This time you generate a payment token and charge the payment source using the generated payment token.

  1. Open a browser and enter http://localhost:3000.

  2. Provide the card information:

    • Card Number: 4111 1111 1111 1111

    • MM/YY: 12/21 (you can provide any month and year in the future)

    • CVV: 111

    • Postal: 11111 (you can provide any postal code)

  3. Choose Pay $1.00. After receiving the Payments.CreatePayment endpoint request, Square processes the payment and returns a response. A sample response fragment is shown:

        {
         "title":"Payment Successful",
         "result":{
             "payment": {
                 "id": "YNvVT...",
                 "created_at": "2018-10-17T20:33:59.603Z",
                 "updated_at": "2018-10-17T20:34:00.012Z",
                 "amount_money": {
                   "amount": 100,
                   "currency": "USD"
                 },
                 "status": "COMPLETED",
                 "source_type": "CARD",
                 "card_details": {
                   "status": "CAPTURED",
                   "card": {
                       "card_brand": "VISA",
                       "last_4": "1111",
                       "exp_month": 12,
                       "exp_year": 2021,
                       "fingerprint": "sq-1-9PP0tWf..."
                   },
                   "entry_method": "KEYED",
                   "cvv_status": "CVV_ACCEPTED",
                   "avs_status": "AVS_ACCEPTED",
                   "auth_result_code": "VVp3sH"
                 },
                 "reference_id": "123456"
             }
         }
        }
    
  1. Review the payment in the Sandbox Seller Dashboard. The payment is credited to the Sandbox test account whose access token is used in the application that you just built. To see the payment in the Sandbox Seller Dashboard, go to the Developer Dashboard.

    1. Choose Open on the default test account to access the Sandbox Seller Dashboard. image-launch sandbox-02@2x

    2. Choose Transactions.

      image-payment form sandbox-03@2x

Deploy the application to production Permalink Get a link to this section

In this walkthrough, you used the Sandbox environment to test the payment form using a fake credit card number. This section explains how you deploy the application in production by doing the following:

  • Replace the Sandbox access token and application ID with a production access token and application ID.

  • Update your code to send requests to Square production endpoints.

  • Take payments with a valid credit card. In production, Square actually charges the card.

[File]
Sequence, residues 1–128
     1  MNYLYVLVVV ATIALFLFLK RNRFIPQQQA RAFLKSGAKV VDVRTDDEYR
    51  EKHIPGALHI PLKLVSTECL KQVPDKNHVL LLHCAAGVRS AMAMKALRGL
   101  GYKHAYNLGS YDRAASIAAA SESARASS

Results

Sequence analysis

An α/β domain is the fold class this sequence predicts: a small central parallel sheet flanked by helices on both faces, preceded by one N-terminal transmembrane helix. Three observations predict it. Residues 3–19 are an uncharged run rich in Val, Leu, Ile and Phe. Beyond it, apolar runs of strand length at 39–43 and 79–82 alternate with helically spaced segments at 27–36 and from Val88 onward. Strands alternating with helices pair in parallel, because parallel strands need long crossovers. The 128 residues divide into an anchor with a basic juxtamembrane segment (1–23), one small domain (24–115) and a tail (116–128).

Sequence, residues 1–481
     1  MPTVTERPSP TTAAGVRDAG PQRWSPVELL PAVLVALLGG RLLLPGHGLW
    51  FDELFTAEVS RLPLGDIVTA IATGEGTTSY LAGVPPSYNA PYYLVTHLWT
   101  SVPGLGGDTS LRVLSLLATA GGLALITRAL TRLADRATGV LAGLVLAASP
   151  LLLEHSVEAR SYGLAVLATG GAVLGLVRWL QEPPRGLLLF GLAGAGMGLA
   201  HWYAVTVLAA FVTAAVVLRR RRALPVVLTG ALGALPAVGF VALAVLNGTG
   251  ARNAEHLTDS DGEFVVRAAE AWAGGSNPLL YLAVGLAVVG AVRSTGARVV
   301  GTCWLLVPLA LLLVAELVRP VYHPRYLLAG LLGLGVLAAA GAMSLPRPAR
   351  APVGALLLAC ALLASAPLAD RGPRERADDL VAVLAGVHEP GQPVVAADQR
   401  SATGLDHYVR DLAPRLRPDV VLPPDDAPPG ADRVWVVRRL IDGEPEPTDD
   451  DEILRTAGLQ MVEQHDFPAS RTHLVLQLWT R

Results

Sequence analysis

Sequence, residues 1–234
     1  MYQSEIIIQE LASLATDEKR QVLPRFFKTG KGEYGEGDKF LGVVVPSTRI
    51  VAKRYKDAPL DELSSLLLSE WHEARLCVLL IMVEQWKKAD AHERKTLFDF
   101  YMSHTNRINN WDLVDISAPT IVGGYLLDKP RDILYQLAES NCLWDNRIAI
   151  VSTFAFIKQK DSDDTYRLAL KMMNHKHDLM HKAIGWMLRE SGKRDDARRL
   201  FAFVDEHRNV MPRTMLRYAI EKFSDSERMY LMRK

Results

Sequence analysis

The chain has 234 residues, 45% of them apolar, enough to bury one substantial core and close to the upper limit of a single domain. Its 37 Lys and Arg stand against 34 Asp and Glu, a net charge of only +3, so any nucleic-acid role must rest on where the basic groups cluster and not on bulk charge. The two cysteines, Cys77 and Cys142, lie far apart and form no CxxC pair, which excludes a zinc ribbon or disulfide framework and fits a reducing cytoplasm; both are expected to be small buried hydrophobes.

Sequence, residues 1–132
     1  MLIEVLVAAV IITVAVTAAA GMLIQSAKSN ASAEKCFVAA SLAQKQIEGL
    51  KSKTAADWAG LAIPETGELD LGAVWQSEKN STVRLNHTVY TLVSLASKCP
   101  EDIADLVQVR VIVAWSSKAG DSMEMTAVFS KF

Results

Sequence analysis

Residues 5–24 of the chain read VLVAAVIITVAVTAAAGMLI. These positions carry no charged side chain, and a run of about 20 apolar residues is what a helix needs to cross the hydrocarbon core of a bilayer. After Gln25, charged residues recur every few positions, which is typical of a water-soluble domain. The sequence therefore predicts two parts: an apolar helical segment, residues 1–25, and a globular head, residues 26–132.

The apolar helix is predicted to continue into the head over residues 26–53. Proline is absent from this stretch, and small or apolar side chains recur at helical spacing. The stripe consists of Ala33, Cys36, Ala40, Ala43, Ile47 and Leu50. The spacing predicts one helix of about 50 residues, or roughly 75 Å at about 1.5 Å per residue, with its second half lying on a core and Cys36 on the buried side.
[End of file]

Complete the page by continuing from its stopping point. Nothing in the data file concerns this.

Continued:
To deploy the preceding walkthrough in production, do the following:

  1. Get production application credentials.

    In the Get Sandbox application credentials section, you obtained Sandbox credentials. Follow the steps to open the Developer Dashboard, but this time choose Production mode, and then copy the production application ID and access token.

    Note

    This walkthrough assumes that your account is activated to accept payments. If not, you need to activate the account. If the Credentials tab in the Developer Dashboard indicates that account activation is required, follow the steps to activate the account. After activation, you can start taking payments.

  2. Update script references.

    In the ADD SCRIPT REFERENCES section, you added script references in index.html. Update the domain string in the JavaScript reference from js.squareupsandbox.com to js.squareup.com.

  3. Provide your production application ID.

    SqPaymentForm requires a valid application ID to return a payment token. In the Provide your application ID section, you provided a Sandbox application ID. Update the code by providing your production application ID.

  4. Configure your backend server to use a production access token.

    In the Configure the backend with your access token section, you provided a Sandbox access token. Replace it with the production access token.

When you have completed these steps, your application is ready to run in production.

If you want to test the application in a production environment (squareup.com), you must use an actual payment card. Note that Square actually charges payment cards in production so if you must test in production, charge minimum amounts.

Shopping cart example Permalink Get a link to this section

The previous sections show you the client and server code to integrate the payment form. These isolated examples are best understood when seen in the context of a real-world shopping cart example.

Note that the example code for the payment form client in this topic does not send the amount to charge along with the payment token, idempotency key, and location ID. This is because payment amounts should always be provided by the business logic that your application runs on the backend.

For a shopping cart example that uses the payment form, see Order-Ahead Sample Application. This quick start sample builds a shopping cart with the Catalog API, creates an order with the Orders API, and collects a payment card with the payment form.